Sun | Nov 18, 2018

Earth Today | USAID, CDB partner to deliver energy management training

Published:Thursday | June 7, 2018 | 12:00 AM
From left: Head of the Renewable Energy/Energy Efficiency Unit of the Caribbean Development Bank Tessa Williams-Robertson poses with President of The Jamaica Society of Energy Engineers (JSEE) Owen Gunning, Energy Efficiency Promotion Specialist of the USAID Caribbean Clean Energy Programme John Marcocchio, and Executive Director of the Barbados Renewable Energy Association (BREA) Meshia Clarke at the recent launch of the launch of the Regional CEM Training and Capacity Building Programme in Barbados.

THE UNITED States Agency for International Development (USAID) Caribbean Clean Energy Programme (CARCEP), together with the Caribbean Development Bank (CDB), recently launched the Caribbean Energy Manager (CEM) Training and Capacity Building Programme in Bridgetown, Barbados.

The training - delivered by the Jamaica Society of Energy Engineers, led by its president, Owen Gunning, and which benefitted 25 people - was made possible with help from the Canadian Support to the Energy Sector in the Caribbean Fund and the Barbados Renewable Energy Association (BREA).

The 25 trainees, including five females, were drawn from Antigua and Barbuda, Barbados, Belize, Grenada, Guyana, Jamaica, St Lucia, St Vincent and the Grenadines, and Trinidad and Tobago.

Two webinars were held in advance to prepare participants for the formal training, which is to be followed by the administration of the CEM examination.

The CEM designation is a US-based international certification offered through the Association of Energy Engineers and has become the international industry standard for practitioners operating as energy managers. This is also the case in the Caribbean.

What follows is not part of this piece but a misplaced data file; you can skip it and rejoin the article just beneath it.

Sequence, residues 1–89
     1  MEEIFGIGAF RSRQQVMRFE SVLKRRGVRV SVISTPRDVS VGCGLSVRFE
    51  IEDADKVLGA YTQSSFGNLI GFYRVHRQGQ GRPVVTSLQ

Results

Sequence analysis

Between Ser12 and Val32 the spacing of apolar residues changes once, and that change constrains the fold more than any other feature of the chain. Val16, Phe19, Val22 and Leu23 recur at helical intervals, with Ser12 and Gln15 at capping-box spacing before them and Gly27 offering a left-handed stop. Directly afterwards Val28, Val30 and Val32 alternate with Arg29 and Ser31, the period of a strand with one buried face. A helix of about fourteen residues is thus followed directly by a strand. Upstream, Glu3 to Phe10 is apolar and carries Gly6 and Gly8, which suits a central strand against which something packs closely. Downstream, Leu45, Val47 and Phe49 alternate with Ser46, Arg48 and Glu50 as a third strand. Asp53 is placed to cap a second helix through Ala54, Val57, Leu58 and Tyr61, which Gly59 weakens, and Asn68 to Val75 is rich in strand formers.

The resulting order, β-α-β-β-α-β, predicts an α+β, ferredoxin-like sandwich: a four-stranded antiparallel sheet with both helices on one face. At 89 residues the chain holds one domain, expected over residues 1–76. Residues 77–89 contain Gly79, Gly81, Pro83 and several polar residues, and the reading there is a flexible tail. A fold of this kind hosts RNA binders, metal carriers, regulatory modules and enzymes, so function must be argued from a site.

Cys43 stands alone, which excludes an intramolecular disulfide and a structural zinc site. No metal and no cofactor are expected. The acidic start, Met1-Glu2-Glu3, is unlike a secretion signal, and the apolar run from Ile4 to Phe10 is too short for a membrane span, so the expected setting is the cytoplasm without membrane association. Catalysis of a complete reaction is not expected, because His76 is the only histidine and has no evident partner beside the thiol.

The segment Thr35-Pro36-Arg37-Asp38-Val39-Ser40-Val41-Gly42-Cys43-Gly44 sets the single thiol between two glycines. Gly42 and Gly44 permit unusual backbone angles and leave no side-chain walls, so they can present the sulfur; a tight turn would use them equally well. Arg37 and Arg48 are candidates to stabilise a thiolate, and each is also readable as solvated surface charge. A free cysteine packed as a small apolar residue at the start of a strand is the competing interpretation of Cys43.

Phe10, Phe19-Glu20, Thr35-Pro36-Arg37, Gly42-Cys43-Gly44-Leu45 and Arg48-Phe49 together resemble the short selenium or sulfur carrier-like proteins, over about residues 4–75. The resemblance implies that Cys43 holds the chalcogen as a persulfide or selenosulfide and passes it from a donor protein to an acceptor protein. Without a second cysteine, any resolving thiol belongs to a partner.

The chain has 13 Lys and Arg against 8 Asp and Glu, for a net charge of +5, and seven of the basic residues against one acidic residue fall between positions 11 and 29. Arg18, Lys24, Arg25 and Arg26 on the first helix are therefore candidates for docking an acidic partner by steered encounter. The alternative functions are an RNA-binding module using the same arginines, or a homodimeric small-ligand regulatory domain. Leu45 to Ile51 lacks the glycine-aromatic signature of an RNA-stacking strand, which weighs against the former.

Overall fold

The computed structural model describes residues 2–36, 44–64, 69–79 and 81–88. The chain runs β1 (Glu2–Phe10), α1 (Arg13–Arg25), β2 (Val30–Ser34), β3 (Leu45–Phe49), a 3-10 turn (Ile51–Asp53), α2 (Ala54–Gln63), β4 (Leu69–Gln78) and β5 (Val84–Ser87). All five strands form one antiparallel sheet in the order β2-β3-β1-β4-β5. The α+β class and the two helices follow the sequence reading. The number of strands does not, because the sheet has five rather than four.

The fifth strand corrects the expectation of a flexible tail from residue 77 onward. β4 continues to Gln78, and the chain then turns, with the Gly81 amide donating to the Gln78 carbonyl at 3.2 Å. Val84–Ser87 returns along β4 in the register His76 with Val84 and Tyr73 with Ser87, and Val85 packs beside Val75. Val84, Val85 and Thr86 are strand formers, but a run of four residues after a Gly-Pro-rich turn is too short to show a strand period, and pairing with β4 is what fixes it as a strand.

CDB and USAID CARCEP have identified capacity strengthening and awareness building as critical areas for the transformation of the energy sector.

"In CDB's energy efficiency work, we have seen and felt the need for regional certified energy management specialists, both for the conduct of quality, investment-grade audits and for energy management systems that improve the sustainability of an investment," said Tessa Williams-Robertson.

"Once a building is retrofitted, we need to manage and monitor the results of the initiatives. How are our buildings performing on the energy front? How has our energy-use culture changed? Building awareness of how we consume energy, and changing the behaviour of our people to encourage smart relationships with energy, are all part of our mission," she added.

 

LACK OF TRAINING A HINDRANCE

 

Referencing observations made during the early stages of USAID's scoping mission in the Caribbean, John Marcocchio, energy efficiency promotion specialist with USAID CARCEP, said: "The lack of trained energy managers throughout the region is a major impediment to the implementation of energy efficiency and renewable energy projects. Making available this first regional CEM training programme will go a long way towards addressing this deficiency".

Having CEMs in every country in the region will provide a much-needed resource to assist the private sector, which will open the door for financial institutions to support these projects, advance the region's adoption of sustainable sources of energy, and reduce dependency on fossil fuels," he added.

Meshia Clarke, executive director of BREA, thanked the development partners "for their vision and foresight in recognising the importance of such a programme and for providing the necessary funding support".

At the same time, she noted the need for governments to move with haste to take the necessary actions to accelerate growth and penetration of renewables.

Prior to this intervention, outside of Jamaica, the CEM certification training was offered once in the region and targeted only electric utility staff.